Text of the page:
There are several reasons behind it, which we have listed here. We will see one example which illustrates this. For example if you take face contracts, with committed phases, software order entry or phases upon signature, costing us the contract; that’s clear. We have an umbrella agreement over four years, but at the end of the day the customer commits to buy in phases over the four years, one-fourth of the entire software order entry. So each phase upon an agreed upon date. Then we can recognize the revenue.
In one case, order entry was €28 million and revenue recognized was €50 million. Future functionality and undelivered functionality, of course of order entry, when we sign the contract, but software revenue recognition, according to the rules, is only possible when all functionalities are delivered.
We had one instance here €20 million order entry, €50 million revenue recognized. Custom development projects; I think the multi-element agreement with custom development elements upon signature, posting of the contract, total contract in software amount. But if you look to the revenue recognition, its software revenue over the term of the customer development project. So it is percentage of completion.
Here we had one case with €60 million in order entry but zero revenue recognized. This will come over the next quarters and years as we make progress with this development project. You have BPO and rental deals, as I mentioned here, and subscription deals, especially global enterprise agreements but that’s a topic I would like to leave for Leo who can explain some real life examples in a minute.
The outlook, the outlook has not changed. The Company continues to provide the following outlook for the full year 2006 as described in its April 20th first quarter results press release. Let me read this so that its really communicated to everybody, with everybody not being present in this room.
The Company expects full year 2006 product revenue to increase in the range of 13% to 15% compared to 2005; this growth rate is based on the Company’s expectation for full year 2006 software revenue growth in a range of 15% to 17% compared to 2005. The Company expects the full year 2006 pro forma operating margin, which excludes stock-based compensation and acquisition-related charges, to increase in the range of 50 to 100 percentage points, 0.5% to 1.0% compared to 2005.
The Company expects full year 2006 full year 2006 pro forma earnings per share, which excludes stock-based compensation/acquisition-related charges and impairment-related charges to be in the range of €5.80 to €6.00 per share.
The outlook is based on an assumed US dollar to euro exchange rate of $1.23 per €1; that’s very important, and the expected increase in headcount is 3,500 FTEs. As I mentioned before, a tax rate below 32.5%.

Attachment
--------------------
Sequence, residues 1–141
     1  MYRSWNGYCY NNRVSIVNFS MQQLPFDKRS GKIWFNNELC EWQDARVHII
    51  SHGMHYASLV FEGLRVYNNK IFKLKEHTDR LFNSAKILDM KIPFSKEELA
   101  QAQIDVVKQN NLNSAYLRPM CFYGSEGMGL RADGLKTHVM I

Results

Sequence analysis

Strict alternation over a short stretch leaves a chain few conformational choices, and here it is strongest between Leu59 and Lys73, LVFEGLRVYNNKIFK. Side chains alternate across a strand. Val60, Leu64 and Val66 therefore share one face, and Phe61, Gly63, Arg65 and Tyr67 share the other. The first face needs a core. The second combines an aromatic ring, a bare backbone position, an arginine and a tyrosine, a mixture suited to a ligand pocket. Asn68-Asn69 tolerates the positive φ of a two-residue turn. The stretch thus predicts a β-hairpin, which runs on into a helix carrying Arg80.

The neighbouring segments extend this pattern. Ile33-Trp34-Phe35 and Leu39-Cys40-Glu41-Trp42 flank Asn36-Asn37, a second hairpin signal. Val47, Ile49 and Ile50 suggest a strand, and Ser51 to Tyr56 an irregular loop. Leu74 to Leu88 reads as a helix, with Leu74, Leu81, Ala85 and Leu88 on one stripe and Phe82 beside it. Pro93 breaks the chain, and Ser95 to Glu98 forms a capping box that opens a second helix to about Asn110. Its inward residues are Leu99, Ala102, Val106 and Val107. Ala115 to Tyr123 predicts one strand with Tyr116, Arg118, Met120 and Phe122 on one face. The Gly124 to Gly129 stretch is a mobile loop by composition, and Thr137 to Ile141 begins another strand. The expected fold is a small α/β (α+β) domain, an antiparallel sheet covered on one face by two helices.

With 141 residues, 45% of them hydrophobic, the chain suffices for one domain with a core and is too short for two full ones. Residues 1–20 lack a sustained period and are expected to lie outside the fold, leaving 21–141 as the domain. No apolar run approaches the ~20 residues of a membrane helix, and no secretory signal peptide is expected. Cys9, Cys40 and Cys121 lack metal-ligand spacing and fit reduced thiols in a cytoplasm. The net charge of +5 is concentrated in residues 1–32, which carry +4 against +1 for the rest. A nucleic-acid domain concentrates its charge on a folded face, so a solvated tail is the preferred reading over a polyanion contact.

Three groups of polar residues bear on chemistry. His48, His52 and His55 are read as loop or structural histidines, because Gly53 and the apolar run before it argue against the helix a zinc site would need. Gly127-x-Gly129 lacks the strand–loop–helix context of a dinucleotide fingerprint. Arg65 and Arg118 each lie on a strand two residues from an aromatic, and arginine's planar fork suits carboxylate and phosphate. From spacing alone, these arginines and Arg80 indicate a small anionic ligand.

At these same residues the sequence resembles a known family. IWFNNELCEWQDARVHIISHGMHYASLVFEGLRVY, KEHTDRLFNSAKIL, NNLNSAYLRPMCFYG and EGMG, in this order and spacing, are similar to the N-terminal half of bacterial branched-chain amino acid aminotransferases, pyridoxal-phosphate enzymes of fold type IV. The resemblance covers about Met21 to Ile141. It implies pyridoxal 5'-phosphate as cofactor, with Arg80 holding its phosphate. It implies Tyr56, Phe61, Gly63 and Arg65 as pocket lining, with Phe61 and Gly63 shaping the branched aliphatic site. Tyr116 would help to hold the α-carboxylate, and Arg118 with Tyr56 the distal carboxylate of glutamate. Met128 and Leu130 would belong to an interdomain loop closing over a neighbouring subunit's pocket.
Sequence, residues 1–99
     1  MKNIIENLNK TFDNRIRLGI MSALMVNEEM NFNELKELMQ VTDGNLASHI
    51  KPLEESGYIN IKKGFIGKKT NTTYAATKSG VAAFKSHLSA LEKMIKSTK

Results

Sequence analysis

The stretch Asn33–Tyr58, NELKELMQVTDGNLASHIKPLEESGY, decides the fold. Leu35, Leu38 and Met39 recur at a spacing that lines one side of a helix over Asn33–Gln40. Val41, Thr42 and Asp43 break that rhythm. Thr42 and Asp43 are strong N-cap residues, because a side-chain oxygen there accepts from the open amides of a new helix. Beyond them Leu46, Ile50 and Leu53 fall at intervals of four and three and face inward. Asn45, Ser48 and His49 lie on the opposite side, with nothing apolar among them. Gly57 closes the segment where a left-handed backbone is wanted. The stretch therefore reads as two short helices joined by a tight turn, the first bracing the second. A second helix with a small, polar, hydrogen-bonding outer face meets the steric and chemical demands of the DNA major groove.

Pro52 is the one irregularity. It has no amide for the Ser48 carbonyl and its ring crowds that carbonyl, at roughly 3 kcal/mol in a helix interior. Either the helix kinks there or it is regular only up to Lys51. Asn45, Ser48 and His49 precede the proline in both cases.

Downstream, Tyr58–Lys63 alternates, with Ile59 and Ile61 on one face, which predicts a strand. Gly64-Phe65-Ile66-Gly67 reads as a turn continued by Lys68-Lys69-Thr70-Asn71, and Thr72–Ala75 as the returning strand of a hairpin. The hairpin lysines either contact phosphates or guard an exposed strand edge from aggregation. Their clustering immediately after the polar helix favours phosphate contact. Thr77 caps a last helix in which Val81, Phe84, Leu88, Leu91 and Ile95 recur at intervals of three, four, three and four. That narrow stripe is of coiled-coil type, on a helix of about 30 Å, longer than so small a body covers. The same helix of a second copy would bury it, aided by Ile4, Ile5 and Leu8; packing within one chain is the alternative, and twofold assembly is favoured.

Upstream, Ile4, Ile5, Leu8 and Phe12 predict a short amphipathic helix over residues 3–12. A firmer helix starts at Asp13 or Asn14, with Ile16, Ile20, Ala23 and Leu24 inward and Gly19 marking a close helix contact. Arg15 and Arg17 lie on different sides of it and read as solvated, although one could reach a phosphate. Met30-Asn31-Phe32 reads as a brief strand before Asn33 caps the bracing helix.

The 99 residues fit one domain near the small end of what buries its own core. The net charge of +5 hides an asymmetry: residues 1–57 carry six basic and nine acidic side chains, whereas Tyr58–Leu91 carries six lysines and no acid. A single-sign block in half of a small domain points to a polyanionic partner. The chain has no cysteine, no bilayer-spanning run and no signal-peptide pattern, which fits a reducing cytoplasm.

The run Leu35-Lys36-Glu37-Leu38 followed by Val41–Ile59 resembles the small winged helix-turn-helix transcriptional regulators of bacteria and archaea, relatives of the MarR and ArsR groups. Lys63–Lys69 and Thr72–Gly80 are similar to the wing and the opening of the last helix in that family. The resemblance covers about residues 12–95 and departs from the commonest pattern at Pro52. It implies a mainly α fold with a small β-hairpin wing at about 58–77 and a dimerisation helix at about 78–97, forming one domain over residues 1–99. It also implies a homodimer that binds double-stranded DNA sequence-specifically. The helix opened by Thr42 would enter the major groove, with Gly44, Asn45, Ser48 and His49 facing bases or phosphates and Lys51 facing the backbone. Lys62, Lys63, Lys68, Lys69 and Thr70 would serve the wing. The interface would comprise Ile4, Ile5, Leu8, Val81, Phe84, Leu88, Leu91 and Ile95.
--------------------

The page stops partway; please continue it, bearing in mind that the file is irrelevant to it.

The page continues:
That’s all from my perspective and now I would like to hand over to Leo Apotheker.
Good morning everyone. Thank you Werner. I’d like to give you little bit more color on what happens not only in the quarter but also in the half year; and then I’ll try to give you some visibility and some information on some of our performances across the board.
So if I look at the half year, we grew our software revenues by 14%. In fact, Q2 2006 marks the 10th consecutive quarter of double-digit software revenue growth. That’s important to remember. We came in Q2 2006 exactly to The Street expectations, but a few things people should keep in mind.
First of all, our order entry as Werner has already mentioned, moved much faster than recognized software revenue in Q2. Some deals were closed that will be recognized over a number of years. Werner already gave you some of the reasons why that happened. Indeed some transactions that we had hoped to close in the first half or at end of June were now closed in the second half of the year. The good news is none of these deals were and we expect to close all of them.
We had a continued high win rate against our main competitor and that’s a good thing, despite many of the attempts that have been made, to change that, we continue to have a very high win rate. We have every intention of keeping it that way. We are on track to achieve full-year growth targets.
Now let me give you some color about a particular transaction that we do, that is very important for us, for our customers, and also for you to understand. It’s global enterprise agreements. We are talking about a strategic partnership with a selected number of customers, and in fact what we are doing is, thanks to our ESA road map that is now available and the visibility that this has given our customers, we can now engage into a conversation with key customers who want to commit for a long period of time on the strategy for SAP. We can thereby underpin the relationship for a long period of time, usually five years.
We signed two global enterprise agreements like this in the first half year, that is probably one of the things you have heard from, what you call nicely your sources of information. These are high double-digit deals; sometimes even low triple-digit deals. As I said, they commit the customer and SAP on a five-year relationship.
We started this initiative about a year ago. Given the strategic nature of these things, the negotiations and the discussions and the conversations are long, because its not just about a deal it is about true relationships, the implementation of the software, what will be included, what won’t be included; because it is not a “as much as you can get” deal. It is usually with limited scope.
We don’t put everything in there.
Because of the nature of the deal, we recognize revenues quarterly on a pro rated basis over the term of the agreement. So if I take a global enterprise agreement of a 100 then it is over five years, that’s 20 quarters and therefore, the mathematics are pretty simple. That is as it is described on the graph.
So when you hear that we win large deals that is absolutely true. We do win large deals. We actually win the vast majority of them. Some of them -- and we’re working on that, like in this example -- are structured in the way I’ve just described which explains also the large difference between order entry and our recognized software revenue.